Sustainability: What can Singapore businesses do to kickstart their sustainability journey?
Globally, the world economy stands to lose about 18% of its gross domestic product (GDP) if no climate action is taken1. Governments and financiers are embedding sustainability in businesses through new regulations, emissions targets, access to green loans, while consumers are preferring green offerings.
With the push towards a greener economy, what can Singapore businesses do to keep up and stay relevant?
Growing recognition of sustainability among Singapore businesses
Businesses must adapt their business models as sustainability takes centre stage in the global agenda. No longer a “good-to-have”, sustainability is a core enabler to drive business growth, stay competitive, and be future-ready.
According to a survey done by Singapore Business Federation2, 75% of businesses in Singapore have implemented efforts in at least one Environmental, Social, Governance (ESG) area, while 81% have started preparation towards a low carbon economy.
However, knowledge in sustainability remains a key challenge, with 36% of businesses lacking knowledge about how to kickstart their green transition.
To start, you can check out the sustainability courses we support under the Enterprise Sustainability Programme (ESP).
Here’s a look at how three local SMEs have benefitted from the courses:
Weaving sustainability, one apparel at a time: TEO Garments
Carters. Joe Fresh. Ralph Lauren. Adidas. Hanes.
What do these global retail giants’ supply chains have in common? TEO Garments.
With over 40 years in the textile industry, the company is a vertically integrated apparel manufacturer delivering quality cut-and-sew apparel to brand owners, retailers, and specialty stores across the globe.
Lately, TEO Garments had observed an increasing trend in client requests for more sustainable products, such as organic cotton. Like most businesses, the question they had was: where to start?
Back to basics with the “Foundations in Corporate Sustainability” course by GCNS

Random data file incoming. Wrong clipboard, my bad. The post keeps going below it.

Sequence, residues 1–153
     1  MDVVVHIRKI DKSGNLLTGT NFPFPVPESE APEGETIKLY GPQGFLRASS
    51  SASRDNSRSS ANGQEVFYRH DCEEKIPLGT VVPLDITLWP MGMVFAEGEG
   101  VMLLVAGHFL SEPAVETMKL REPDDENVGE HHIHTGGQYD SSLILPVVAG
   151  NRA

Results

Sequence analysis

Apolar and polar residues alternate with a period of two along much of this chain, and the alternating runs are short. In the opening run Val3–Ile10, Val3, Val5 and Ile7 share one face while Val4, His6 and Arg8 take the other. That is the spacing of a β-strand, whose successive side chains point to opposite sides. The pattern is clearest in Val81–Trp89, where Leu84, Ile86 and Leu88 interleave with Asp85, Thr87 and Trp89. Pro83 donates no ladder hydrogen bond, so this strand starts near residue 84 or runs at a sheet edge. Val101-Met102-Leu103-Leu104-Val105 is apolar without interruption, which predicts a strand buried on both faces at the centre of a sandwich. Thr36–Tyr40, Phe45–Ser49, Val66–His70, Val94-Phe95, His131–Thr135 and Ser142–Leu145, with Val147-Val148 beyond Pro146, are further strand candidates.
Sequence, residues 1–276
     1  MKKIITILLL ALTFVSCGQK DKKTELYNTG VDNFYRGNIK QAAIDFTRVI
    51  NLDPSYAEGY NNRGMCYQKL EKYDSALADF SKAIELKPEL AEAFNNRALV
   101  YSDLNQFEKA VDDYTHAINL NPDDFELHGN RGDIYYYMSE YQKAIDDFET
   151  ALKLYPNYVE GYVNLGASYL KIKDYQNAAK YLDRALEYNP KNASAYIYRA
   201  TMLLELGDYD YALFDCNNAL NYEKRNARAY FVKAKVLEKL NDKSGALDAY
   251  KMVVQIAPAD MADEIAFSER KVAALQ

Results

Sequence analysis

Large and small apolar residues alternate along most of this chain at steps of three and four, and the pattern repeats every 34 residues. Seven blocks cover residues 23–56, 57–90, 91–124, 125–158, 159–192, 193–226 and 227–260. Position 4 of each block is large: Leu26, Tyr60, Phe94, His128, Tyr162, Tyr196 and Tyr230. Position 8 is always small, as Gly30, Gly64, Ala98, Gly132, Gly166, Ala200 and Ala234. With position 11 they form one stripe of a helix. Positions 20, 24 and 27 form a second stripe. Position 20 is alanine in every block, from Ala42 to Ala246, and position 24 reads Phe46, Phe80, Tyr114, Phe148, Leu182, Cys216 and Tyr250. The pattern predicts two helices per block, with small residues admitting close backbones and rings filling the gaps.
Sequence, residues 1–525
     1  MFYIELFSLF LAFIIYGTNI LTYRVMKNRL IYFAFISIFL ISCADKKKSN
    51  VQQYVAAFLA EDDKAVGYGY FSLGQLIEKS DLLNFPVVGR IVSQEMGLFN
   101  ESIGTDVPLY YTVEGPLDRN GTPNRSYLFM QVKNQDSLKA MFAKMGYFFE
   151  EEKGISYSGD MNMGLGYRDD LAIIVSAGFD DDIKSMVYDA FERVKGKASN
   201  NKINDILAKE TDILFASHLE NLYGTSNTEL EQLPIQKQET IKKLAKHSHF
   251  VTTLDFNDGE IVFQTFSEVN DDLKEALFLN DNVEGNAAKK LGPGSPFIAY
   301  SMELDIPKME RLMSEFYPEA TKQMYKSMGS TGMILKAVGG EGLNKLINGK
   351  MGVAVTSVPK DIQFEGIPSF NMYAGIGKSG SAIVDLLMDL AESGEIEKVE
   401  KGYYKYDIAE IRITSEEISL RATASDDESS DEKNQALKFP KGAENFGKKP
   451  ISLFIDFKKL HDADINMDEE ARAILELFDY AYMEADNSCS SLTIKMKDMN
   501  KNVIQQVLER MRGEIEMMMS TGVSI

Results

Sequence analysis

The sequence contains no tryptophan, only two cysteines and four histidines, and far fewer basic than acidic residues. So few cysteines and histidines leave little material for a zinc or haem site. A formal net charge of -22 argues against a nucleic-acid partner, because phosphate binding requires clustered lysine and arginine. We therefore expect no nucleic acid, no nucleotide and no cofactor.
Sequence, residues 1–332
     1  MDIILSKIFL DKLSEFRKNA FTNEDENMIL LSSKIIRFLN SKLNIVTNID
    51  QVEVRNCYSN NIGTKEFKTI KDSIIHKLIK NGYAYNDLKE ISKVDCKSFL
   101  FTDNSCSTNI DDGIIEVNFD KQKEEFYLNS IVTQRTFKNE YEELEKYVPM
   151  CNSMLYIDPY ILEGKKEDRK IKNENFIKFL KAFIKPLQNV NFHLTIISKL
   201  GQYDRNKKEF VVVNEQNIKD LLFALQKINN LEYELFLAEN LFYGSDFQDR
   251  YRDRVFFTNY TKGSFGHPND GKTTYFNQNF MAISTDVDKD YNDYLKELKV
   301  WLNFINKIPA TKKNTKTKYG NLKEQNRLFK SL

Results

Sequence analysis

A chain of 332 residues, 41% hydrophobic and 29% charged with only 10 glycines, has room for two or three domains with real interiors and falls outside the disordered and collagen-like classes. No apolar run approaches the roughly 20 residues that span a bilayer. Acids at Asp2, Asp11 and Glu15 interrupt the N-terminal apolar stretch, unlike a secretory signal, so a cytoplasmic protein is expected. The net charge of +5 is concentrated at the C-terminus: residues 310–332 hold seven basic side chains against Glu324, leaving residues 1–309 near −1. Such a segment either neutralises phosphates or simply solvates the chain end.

Even with sustainability projects in the pipeline, TEO Garments wanted to sharpen their vision in going green. They attended the “Foundations in Corporate Sustainability” course conducted by the UN Global Compact Network Singapore (GCNS).
Through the course, TEO Garments gained a deeper understanding of the UN Sustainable Development Goals (SDGs) and identified areas most relevant for their business, which helped them to prioritise efforts and chart their next course of action.
The course also covered reporting standards such as the Global Reporting Initiative (GRI) and the Sustainability Accounting Standards Board (SASB). This allowed TEO Garments to select the most suitable reporting standards for their sustainability report, which has become a growing requirement by more clients who wish to assess suppliers based on sustainability efforts.
How has TEO Garments benefitted from the course?
The company published their first sustainability report in 2022, thanks to their enhanced knowledge on reporting standards and material factors.
“We are pleased to have enrolled in this course during our early stages of learning about sustainability, as it stands out as one of the few courses that was easy to comprehend.”, said Wilson Teo, Managing Director, TEO Garments.
TEO Garments also enrolled in LowCarbonSG, a capability-building programme where they used the Carbon & Emissions Recording Tool (CERT) to track and reduce emissions.
The company is now advancing towards various accreditations like the Global Organic Textiles Standards (GOTS) and B Corp certification, which will better position them to meet evolving consumer preferences.
They are also looking into the implementation of traceability solutions for their supply chains.
Deep-diving into sustainability: Tru-Marine
Not all companies that attend the courses are new to sustainability. Some have been incorporating sustainable practices for the past 20 years.
One such company is Tru-Marine, homegrown SME specialising in the Maintenance, Repair, and Overhaul (MRO) of turbochargers in marine, offshore, locomotive, and power plant applications.
Sustainability has been an integral part of Tru-Marine’s business model, with the company focusing on Corporate Social Responsibility (CSR) efforts since the 1990s.
As part of the international maritime industry – which saw the first-ever mandatory global energy efficiency standard imposed by the International Maritime Organisation (IMO) in 2011 – Tru-Marine is familiar with the need to accelerate climate action, and has been active in identifying ways to support the cause.
Wading deeper with the “Environment, Social and Governance (ESG) Essentials for SMEs – Kickstart Your ESG Journey” course by PwC
Before attending the ESP – Sustainability Course, Tru-Marine had sustainability initiatives in the works, such as installing solar panels on office premises to reduce their reliance on utility power.